Little Women: Or, Meg, Jo, Beth, and Amy

By Louisa M. Alcott; Jessie Willcox Smith | Go to book overview

and fro, -- to drop a pair of mittens from her window for a pair of purple hands, a needle-book for some small mother of many dolls, pen-wipers for young penmen toiling through forests of pot-hooks, scrap-books for picture-loving eyes, and all manner of pleasant devices, till the reluctant climbers up the ladder of learning found their way strewn with flowers, as it were, and came to regard the gentle giver as a sort of fairy godmother, who sat above there, and showered down gifts miraculously suited to their tastes and needs. If Beth had wanted any reward, she found it in the bright little faces always turned up to her window, with nods and smiles, and the droll little letters which came to her, full of blots and gratitude.

The first few months were very happy ones, and Beth often used to look round, and say "How beautiful this is!" as they all sat together in her sunny room, the babies kicking and crowing on the floor, mother and sisters working near, and father reading, in his pleasant voice, from the wise old books which seemed rich in good and comfortable words, as applicable now as when written centuries ago; a little chapel, where a paternal priest taught his flock the hard lessons all must learn, trying to show them that hope can comfort love, and faith make resignation possible. Simple sermons, that went straight to the souls of those who listened; for the father's heart was in the minister's religion, and the frequent falter in the voice gave a double eloquence to the words he spoke or read.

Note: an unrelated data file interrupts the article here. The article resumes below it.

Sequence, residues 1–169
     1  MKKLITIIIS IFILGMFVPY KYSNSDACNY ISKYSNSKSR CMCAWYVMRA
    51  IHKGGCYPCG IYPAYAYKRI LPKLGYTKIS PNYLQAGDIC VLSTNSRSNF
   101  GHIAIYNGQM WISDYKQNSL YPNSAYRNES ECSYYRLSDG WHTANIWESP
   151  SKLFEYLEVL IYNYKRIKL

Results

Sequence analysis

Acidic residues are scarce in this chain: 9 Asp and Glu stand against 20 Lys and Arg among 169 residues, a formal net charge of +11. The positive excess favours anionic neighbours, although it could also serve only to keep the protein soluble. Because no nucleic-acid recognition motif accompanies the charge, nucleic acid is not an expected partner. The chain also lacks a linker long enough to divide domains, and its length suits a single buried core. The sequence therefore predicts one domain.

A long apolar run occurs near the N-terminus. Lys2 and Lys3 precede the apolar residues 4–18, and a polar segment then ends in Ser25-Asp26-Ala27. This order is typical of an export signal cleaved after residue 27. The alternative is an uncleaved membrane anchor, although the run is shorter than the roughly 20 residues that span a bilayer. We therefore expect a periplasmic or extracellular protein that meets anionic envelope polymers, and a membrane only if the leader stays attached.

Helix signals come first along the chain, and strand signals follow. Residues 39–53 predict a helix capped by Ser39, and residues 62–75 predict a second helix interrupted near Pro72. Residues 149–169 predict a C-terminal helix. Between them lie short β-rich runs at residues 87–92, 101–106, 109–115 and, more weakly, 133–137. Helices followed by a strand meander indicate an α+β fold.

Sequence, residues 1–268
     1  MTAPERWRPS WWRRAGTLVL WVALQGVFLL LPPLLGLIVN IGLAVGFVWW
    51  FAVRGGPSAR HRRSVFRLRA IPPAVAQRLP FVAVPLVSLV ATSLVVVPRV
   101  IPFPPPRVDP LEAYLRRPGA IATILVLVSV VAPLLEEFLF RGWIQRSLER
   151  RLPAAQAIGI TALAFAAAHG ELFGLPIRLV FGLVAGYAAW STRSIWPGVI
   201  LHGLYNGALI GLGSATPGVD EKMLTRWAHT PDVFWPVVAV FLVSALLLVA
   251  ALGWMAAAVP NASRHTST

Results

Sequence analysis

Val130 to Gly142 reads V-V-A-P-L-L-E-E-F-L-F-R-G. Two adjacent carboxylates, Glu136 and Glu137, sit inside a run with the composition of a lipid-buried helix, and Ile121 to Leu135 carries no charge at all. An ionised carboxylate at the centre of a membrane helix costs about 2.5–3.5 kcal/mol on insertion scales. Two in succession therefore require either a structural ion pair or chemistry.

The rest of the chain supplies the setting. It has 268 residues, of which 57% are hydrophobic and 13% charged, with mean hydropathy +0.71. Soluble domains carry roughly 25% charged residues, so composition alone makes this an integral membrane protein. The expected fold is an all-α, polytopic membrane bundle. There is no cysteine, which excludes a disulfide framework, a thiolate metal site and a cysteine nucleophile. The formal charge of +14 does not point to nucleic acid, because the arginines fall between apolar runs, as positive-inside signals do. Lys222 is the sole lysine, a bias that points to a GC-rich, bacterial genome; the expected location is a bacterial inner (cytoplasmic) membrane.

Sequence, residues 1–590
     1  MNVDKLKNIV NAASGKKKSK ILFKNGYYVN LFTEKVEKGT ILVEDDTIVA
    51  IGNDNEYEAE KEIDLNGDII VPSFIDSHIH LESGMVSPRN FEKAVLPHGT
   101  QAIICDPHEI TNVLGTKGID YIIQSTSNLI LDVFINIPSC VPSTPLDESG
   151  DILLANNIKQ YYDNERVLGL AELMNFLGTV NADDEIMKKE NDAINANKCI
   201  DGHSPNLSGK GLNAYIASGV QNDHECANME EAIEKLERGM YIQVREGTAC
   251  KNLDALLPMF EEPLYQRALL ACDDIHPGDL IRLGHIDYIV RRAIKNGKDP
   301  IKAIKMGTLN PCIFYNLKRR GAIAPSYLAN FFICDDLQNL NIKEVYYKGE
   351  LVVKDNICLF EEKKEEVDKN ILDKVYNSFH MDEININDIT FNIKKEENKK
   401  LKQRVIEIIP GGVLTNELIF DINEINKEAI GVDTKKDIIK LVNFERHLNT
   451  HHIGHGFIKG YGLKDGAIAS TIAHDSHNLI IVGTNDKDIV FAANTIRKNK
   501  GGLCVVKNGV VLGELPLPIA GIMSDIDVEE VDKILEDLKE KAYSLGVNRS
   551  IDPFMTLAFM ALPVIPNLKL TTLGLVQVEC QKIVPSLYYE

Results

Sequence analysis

It was well for all that this peaceful time was given them as preparation for the sad hours to come; for, by and by, Beth said the needle was "so heavy," and put it down forever; talking wearied her, faces troubled her, pain claimed her for its own, and her tranquil spirit was sorrowfully perturbed by the ills that vexed her feeble flesh. Ah me! such heavy days, such long, long nights, such aching hearts and imploring prayers, when those who loved her best were forced to see the thin hands stretched out to them beseechingly, to hear the bitter cry, "Help me, help me!" and to feel that there was no help. A sad eclipse of the serene soul, a sharp struggle of the young

-442-

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